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A downbeat yet absorbing film, The Sea, by first time director Stephen Brown, adapts John Banville’s novel about a man searching for the time before his personal tragedy
The Sea opens with a distraught, drunken man shouting into the wind on a deserted beach, the sound of his cries lost in the crashing of the waves. It is an intriguing and wrenching image, and indicative of what is to come. This is clearly not going to be a happy story. With its themes of love and loss and the siren call of the past, The Sea is a sad, downbeat yet absorbing film.
Hoping to escape the pain of the present, newly bereaved art historian Max Morden (a lugubrious Ciarán Hinds) returns to The Cedars, the boarding house by the sea that he used to frequent as a child. It is a quiet, gentle sort of place, run by the elegant Miss Vavasour (Charlotte Rampling). It is a throwback to another time, appropriate for a man accused of living in the past.
Almost immediately Max is beset by memories of his younger self (Matthew Dillon) and the idyllic summer when he was drawn into the glamorous world of the Grace family, of Connie (Natascha McElhone) and Carlo (Rufus Sewell), their children, twins Chloe (Missy Keating) and Myles (Padhraig Parkinson) and child minder Rose (Bonnie Wright). That summer marked young Max’s first experience of love and loss, and the memories exist somewhere between daydream and ambush. We know something bad happened, but the big reveal is withheld until the end, a narrative construct that is by turns tantalising and frustrating. It is hinted at along the way, but the effect is to take the viewer out of the story, albeit momentarily. When the reveal does come, it is both shocking and perplexing. The event is presented without explanation, and is strangely unsatisfying in what is otherwise an engrossing film.
The Sea jumps back and forth in time, anchored by John Conroy’s striking cinematography. The idealised past is rendered in warm, soft tones, while the depressed present is subdued colours and hard edges, an appropriate backdrop to Max’s recollections of his last days with his departed wife Anna (a wonderfully brittle Sinéad Cusack) and his awkward confrontation with his adult daughter Clare (Ruth Bradley). She’s grieving too, and worried about him, but he is in no state to deal with her pain as well as his own. For all their differences, in time if not in space, the two strands are united by the self-centredness of both childhood and grief.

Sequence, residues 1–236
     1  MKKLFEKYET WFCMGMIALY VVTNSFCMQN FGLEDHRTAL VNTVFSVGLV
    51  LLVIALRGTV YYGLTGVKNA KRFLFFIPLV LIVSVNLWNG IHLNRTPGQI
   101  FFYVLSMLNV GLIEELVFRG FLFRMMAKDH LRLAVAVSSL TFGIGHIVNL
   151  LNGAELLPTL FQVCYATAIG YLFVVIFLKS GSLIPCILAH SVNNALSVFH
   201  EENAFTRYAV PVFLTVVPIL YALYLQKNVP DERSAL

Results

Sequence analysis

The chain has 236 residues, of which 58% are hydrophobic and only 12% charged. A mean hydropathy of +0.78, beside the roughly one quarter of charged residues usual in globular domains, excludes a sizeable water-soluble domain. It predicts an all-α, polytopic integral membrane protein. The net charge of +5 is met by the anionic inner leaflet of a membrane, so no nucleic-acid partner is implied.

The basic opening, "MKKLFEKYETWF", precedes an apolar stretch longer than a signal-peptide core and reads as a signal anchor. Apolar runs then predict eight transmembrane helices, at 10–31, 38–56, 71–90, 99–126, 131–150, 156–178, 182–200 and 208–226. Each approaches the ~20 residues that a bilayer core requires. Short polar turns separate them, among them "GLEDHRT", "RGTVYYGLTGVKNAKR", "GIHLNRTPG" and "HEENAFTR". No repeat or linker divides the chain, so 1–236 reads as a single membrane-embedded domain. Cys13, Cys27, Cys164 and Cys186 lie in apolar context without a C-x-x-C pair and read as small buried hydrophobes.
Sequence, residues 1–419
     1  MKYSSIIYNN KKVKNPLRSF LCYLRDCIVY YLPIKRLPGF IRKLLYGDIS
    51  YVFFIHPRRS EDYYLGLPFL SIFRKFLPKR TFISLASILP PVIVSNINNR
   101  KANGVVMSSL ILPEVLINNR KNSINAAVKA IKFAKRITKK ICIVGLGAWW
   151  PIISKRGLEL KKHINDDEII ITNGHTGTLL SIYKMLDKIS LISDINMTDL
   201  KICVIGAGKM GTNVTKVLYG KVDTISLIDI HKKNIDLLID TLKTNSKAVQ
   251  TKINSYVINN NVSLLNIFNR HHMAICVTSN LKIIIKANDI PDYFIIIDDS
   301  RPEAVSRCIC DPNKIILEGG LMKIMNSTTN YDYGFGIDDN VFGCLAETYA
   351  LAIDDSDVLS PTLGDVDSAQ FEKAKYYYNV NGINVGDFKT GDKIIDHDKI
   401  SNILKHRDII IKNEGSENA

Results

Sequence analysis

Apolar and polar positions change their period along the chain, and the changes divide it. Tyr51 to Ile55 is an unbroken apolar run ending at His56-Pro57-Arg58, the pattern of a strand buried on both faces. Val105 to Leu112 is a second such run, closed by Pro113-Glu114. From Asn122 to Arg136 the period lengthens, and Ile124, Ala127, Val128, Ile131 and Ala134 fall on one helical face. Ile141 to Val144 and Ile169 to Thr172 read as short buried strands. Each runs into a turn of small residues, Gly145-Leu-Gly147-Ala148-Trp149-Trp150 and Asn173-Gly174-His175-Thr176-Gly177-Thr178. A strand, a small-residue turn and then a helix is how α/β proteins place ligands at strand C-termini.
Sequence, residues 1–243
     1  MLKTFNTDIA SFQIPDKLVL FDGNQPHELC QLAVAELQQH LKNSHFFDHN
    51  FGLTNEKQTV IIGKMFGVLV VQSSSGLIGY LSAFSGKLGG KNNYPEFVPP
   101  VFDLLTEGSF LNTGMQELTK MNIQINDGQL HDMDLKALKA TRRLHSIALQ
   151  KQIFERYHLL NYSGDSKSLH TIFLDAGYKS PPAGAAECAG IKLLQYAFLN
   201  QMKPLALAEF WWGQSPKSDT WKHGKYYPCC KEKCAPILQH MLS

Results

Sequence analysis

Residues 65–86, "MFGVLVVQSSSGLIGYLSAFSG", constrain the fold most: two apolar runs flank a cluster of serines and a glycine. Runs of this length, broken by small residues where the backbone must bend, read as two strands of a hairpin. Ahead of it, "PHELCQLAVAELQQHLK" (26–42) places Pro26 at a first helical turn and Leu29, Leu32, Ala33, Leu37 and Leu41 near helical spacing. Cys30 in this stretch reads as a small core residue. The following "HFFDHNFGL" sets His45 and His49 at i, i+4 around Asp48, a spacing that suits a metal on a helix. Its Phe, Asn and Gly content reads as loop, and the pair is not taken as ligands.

While the performances are uniformly involving, Hinds stands out with his portrayal of a man turned in on himself. Anyone who’s been through a similar experience will recognise the signs – the not knowing how to act when your loved one is dying, the resentment at being left behind. Hinds reveals complex emotions with the subtlest of expressions. As for the volatile Chloe, the object of young Max’s affection, one can’t help but feel that she is what schoolteachers of a certain age would call “a proper little madam”.
The Sea is based on the novel of the same name by John Banville, which won the Man Booker prize in 2005, narrowly beating Kazuo Ishiguro’s Never Let Me Go. Banville also wrote the screenplay, paring the story down to its essentials, and enabling first-time director Stephen Brown to fashion an intimate look at grief and memory.
The Sea unfolds slowly and the atmosphere is decidedly melancholy, meandering between the past and the present as Max tries to come to terms with the traumas in his life. He is in hiding, licking his wounds, and his reactions ring true, in a subtle, understated way. Those who have recently been bereaved may find, to its credit, that The Sea hits a little too close to home.